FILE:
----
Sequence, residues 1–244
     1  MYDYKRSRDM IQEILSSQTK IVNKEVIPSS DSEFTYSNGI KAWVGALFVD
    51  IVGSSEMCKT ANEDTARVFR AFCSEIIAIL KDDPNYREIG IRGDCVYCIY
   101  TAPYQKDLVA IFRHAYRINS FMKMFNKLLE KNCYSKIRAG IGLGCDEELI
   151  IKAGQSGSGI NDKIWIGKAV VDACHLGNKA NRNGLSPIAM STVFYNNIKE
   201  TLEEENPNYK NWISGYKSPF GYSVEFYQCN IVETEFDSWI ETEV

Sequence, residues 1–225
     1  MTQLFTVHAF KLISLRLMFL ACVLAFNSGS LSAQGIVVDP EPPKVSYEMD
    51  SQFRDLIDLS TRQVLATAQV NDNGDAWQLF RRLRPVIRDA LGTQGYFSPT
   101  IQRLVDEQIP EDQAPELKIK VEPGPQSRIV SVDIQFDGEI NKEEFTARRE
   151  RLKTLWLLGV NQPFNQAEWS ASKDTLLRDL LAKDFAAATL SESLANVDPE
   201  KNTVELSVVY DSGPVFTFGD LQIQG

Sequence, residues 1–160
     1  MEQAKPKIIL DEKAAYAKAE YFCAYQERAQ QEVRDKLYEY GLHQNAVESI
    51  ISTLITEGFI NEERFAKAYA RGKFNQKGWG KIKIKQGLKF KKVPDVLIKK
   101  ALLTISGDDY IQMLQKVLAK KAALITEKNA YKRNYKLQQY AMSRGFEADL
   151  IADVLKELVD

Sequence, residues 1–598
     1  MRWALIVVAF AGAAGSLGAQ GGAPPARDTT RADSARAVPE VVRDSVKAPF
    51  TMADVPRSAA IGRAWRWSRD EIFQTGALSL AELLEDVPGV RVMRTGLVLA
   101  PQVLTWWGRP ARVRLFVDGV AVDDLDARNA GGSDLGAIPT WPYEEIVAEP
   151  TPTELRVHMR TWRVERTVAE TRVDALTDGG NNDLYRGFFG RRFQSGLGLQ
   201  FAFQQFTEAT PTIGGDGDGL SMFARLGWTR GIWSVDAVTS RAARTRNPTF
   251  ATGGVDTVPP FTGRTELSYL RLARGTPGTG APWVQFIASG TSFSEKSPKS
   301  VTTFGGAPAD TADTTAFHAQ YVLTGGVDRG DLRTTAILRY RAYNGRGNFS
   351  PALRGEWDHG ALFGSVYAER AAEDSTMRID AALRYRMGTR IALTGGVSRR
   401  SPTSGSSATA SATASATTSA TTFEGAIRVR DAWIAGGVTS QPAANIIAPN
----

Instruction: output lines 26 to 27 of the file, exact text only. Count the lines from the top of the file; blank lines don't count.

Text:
   351  PALRGEWDHG ALFGSVYAER AAEDSTMRID AALRYRMGTR IALTGGVSRR
   401  SPTSGSSATA SATASATTSA TTFEGAIRVR DAWIAGGVTS QPAANIIAPN